Hydraulic oil viscosity is vital when choosing the right hydraulic oil for your system.
In hydraulics, there’s a direct relationship between hydraulic oil viscosity and its temperature. For instance, if the temperature of the oil increases then the viscosity decreases. Similarly, when you put cooking oil into a pan and heat it up, the oil moves faster the longer it is heated. A temperature drop makes the oil move less easily and it becomes more viscous.
Hydraulic oil viscosity needs to be able to work effectively to enable smooth operation no matter the temperature. This is particularly important as applications become more demanding.
The hydraulic oil viscosity depends on how smoothly it flows. For example, if viscosity increases, then it will take longer for the oil to pass through the hydraulic system. Moreover, high viscosity means the oil is thicker and is more difficult to transport through a system. On the other hand, lower viscosity means the oil is easier to pass through the system. The measurement of viscosity in hydraulic oil is taken in Centistokes (cSt) and most commonly at temperatures of 40°C and 100°C.
The viscosity index helps us to measure the change in temperature in hydraulic oil. A lower viscosity index means that the oil may be more susceptible to change than if it were a higher viscosity index. Moreover, if the viscosity is high, the oil will be better suited to an application which is used in harsher environments, exposed to a variety of operating temperatures.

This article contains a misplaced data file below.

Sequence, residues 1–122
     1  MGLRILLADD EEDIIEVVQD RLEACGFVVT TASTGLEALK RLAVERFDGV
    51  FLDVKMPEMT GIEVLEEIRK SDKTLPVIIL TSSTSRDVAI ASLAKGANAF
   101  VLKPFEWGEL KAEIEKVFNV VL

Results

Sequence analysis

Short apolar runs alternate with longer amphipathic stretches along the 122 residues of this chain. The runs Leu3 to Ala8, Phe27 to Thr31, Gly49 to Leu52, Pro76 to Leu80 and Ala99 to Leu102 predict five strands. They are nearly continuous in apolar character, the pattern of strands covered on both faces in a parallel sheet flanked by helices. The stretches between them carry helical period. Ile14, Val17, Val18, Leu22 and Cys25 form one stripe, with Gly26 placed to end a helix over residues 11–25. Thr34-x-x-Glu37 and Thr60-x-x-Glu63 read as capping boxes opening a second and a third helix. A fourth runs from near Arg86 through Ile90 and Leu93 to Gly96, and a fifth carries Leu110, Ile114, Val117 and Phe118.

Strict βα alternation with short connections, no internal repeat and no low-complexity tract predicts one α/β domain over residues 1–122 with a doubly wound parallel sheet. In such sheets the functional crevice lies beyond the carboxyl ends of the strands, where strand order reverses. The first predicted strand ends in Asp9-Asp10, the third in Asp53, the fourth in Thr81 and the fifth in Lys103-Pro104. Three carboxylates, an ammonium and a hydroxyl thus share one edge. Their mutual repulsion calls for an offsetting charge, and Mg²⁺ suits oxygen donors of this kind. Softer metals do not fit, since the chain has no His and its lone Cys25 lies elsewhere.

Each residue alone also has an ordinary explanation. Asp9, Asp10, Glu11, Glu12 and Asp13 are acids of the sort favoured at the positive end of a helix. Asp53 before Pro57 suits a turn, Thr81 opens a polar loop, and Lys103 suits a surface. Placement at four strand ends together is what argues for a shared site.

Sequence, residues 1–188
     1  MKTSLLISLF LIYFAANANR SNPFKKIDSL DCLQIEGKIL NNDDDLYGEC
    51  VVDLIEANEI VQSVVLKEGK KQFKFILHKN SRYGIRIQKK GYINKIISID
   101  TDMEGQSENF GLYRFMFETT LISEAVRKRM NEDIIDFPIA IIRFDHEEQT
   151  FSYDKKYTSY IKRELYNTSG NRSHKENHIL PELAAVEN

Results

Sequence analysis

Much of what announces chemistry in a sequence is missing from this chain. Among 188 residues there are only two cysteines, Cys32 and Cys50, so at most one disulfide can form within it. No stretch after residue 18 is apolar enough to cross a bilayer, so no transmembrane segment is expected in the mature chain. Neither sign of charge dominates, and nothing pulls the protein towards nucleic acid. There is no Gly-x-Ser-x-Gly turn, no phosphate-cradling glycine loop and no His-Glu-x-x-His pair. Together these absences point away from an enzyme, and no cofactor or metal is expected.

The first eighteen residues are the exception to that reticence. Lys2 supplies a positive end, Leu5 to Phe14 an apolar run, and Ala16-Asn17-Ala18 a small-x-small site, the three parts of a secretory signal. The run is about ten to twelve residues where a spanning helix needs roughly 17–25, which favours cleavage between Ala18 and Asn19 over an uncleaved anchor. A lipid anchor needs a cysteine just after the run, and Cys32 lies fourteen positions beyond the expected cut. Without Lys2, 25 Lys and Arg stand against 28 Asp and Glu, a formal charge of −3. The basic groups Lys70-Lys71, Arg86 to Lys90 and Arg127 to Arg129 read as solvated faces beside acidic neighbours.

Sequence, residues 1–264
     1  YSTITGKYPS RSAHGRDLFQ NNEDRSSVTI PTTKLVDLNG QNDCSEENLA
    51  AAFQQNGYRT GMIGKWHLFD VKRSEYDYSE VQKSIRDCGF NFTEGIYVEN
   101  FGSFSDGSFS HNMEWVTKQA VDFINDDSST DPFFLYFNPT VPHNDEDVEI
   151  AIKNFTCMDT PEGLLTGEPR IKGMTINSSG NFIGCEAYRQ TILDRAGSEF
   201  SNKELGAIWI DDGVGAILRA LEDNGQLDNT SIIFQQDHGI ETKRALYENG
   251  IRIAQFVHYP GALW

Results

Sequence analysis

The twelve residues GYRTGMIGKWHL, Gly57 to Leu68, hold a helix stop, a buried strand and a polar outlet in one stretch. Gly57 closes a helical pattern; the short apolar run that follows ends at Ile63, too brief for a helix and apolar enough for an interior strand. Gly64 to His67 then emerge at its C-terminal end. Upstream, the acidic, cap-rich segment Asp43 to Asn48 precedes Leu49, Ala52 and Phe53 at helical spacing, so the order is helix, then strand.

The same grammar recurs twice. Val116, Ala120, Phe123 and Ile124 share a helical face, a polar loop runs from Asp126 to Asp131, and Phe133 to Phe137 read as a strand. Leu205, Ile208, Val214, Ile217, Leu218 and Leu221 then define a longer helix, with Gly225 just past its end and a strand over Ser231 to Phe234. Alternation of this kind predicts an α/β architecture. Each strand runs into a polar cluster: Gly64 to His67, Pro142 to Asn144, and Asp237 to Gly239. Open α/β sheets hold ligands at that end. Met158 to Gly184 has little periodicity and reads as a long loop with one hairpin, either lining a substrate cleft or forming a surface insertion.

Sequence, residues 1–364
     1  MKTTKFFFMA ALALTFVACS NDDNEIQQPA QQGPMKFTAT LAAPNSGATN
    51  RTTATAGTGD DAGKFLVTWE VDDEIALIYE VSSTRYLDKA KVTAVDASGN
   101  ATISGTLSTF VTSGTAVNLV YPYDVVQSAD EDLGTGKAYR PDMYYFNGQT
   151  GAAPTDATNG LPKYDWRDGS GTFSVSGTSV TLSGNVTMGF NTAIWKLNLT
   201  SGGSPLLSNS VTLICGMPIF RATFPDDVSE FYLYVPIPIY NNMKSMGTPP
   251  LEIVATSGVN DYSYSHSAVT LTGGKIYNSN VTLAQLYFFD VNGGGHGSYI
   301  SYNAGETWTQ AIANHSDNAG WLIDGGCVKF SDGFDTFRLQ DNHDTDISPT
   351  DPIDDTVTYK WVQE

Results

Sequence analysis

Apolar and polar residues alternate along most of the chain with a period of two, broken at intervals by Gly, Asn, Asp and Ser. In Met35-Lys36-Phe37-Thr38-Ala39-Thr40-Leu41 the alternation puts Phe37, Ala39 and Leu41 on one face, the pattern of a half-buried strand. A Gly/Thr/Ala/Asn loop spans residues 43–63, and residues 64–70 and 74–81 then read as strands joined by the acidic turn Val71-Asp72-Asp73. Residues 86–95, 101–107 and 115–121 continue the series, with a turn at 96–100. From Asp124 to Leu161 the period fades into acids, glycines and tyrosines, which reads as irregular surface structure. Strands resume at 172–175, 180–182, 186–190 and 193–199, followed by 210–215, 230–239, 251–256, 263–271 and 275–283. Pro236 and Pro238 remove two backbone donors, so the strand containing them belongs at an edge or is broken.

The viscosity must be accurate for your application and the temperature. This is true even if the oil has properties include anti-wear, anti-oxidisation or anti-corrosion. An incorrect viscosity could result in damage to hydraulic equipment, problems during operation and reduced service life.
The table below shows the classifications of viscosity against different temperature ranges:
|110°C and greater||Very High|
Pumps and viscosity requirements
Different pumps require different viscosities. There are three main types of pump that can be found within a hydraulic system: vane pumps, piston pumps and (internal and external) gear pumps. Each pump is utilised in different ways for different applications.
There are rotors inside vane pumps that include slots attached to a shaft that is rotating erratically to a cam ring. When in operation, the vanes can wear out, due to the constant contact between two surfaces. Because of this, vane pumps are usually less cost-effective when it comes to maintenance, however they are useful for keeping a stable flow. Vane pumps work best with viscosities ranging between 14 to 160 centistokes (cSt) at normal operating temperatures.
Piston pumps are more suited to harsh conditions. They are manufactured for durability and are able to operate at higher pressures, usually up to 6,000 psi. Piston pumps work best with viscosities ranging between 10 to 160 centistokes (cSt) at normal operating temperatures.
Although gear pumps are classed as the most inefficient out of all of the pumps, they are still able to function through a large amount of contamination. They work by expelling fluid once it has been pressurised between the meshing teeth in the pump. Gear pumps come in two variations: internal and external.
Internal gear pumps are usually available in a variety of viscosities, ranging up to 2,200 cSt. With high efficiency and reduced noise, these pumps typically operate under pressure from 3,000 – 3,500 psi.
Although external gear pumps are less proficient than there counterpart, they still offer easy maintenance, stable flow and are cost-effective when it comes to purchasing and repairs. Similarly to the internal gear pumps, external gear pumps produce pressure between 3,000 – 3,500 psi – however, their viscosity range only reaches 300 cSt.